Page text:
In this context, the interest rates in commercial matters are fixed according to the parties’ free will even though in most cases, it was not considered as a valid defense of the debtor for having established an excessive and disproportioned interest rate taking advantage of his/her necessity since doctrinally, the unconscionable bargain has not been considered as possible in commercial matters because of the merchant’s business nature (MARTÍNEZ ALFARO, 1989). Furthermore, it was not considered that the judges before whom commercial matters where filed, had the power to revise ex officio the agreed interest rates by the parties. In this respect, the judicial resolutions that addressed the excessive interest rates matter established that the parties should abide to their agreement according to articles 78 and 362 of the Com. C. (JUDICIAL JOURNAL OF THE FEDERATION, COURT PRECEDENT: VII.2O.C.42 C) and the parties’ will shall prevail over the legal interest rate (JUDICIAL JOURNAL OF THE FEDERATION, COURT PRECEDENT: VI.1O.C.139 C).
Thus, even though the rigidity of our legal system in disciplinary matters of Private Law such as Civil and Commercial Law, the principle of strict respect to the rule of law prevails, which in general terms, implies that the judges’ ruling should address solely and exclusively the actions and exceptions raised by the parties respectively without strengthening the arguments of any of them because, in that case, it would constitute a violation to the principal of procedural equality. Since the constitutional Human Rights reform in our country on June 10, 2011, the principle of strict respect to the rule of law in all matters, including civil and commercial, should be understood from a different standpoint.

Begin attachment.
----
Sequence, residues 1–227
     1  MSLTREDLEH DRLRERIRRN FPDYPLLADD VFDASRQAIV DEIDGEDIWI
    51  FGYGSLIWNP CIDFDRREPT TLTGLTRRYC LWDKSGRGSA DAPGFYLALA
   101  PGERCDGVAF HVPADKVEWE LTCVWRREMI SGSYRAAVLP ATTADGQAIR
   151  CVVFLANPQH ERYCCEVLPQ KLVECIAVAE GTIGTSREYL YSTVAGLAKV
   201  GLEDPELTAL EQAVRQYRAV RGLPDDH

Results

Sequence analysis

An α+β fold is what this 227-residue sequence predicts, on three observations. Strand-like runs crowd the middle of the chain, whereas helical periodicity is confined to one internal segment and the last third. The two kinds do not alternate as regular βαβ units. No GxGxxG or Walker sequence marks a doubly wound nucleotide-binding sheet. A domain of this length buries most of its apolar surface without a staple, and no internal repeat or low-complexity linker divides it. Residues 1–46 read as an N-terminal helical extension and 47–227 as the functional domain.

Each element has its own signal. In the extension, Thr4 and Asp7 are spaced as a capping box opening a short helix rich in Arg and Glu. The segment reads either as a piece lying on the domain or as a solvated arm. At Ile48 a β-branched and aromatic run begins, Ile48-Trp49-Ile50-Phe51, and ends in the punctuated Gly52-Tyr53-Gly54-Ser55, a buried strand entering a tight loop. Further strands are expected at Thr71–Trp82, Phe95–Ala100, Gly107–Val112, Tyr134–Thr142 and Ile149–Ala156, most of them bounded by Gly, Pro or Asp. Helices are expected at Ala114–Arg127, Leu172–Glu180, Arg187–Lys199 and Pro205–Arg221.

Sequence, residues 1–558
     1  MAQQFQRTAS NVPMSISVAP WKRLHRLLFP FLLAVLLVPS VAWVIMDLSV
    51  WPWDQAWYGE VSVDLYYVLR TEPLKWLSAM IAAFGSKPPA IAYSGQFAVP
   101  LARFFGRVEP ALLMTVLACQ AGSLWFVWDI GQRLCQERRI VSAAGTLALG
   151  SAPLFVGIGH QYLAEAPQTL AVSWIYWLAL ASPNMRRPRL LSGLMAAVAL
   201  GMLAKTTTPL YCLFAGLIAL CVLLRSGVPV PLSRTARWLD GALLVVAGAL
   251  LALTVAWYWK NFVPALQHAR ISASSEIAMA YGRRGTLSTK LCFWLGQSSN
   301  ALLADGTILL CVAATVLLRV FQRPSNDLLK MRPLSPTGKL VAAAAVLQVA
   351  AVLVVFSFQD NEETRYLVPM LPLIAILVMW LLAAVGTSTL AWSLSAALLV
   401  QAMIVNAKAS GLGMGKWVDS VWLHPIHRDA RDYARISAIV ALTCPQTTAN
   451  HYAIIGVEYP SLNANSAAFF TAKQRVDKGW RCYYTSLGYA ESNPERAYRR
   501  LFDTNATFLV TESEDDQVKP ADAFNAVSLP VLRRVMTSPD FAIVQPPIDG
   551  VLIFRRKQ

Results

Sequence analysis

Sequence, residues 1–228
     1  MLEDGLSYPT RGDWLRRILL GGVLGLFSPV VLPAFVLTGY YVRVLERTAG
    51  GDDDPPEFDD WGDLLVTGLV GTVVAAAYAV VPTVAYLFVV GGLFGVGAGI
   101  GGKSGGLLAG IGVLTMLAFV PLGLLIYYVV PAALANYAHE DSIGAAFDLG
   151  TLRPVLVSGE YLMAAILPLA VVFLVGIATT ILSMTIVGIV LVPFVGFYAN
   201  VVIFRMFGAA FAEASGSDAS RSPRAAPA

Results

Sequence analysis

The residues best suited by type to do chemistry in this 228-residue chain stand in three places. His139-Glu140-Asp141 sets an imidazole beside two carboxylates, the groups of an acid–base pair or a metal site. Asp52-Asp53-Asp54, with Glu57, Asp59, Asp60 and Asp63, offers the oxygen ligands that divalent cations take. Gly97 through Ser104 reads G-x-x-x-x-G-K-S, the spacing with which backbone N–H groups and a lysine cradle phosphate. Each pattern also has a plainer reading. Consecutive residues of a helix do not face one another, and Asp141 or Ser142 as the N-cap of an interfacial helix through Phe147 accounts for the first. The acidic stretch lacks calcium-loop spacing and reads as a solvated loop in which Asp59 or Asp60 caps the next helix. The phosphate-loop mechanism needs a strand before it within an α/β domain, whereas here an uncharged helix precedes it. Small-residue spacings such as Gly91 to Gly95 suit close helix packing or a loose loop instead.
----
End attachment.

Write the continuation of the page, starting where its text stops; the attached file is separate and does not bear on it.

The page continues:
As a consequence of the human rights reform, article 1 of the Constitution was modified and states as follows:
“Article 1. In the United Mexican States, all individuals shall be entitled to the human rights granted by this Constitution and the international treaties signed by the Mexican State, as well as to the guarantees for the protection of these rights. Such human rights shall not be restricted or suspended, except for the cases and under the conditions established by this Constitution itself. The provisions relating to human rights shall be interpreted according to this Constitution and the international treaties on the subject, working in favor of the protection of people at all times. All authorities, in their areas of competence, are obliged to promote, respect, protect and guarantee the human rights, in accordance with the principles of universality, interdependence, indivisibility and progressiveness. As a consequence, the State must prevent, investigate, penalize and readdress violations to the human rights, according to the law…”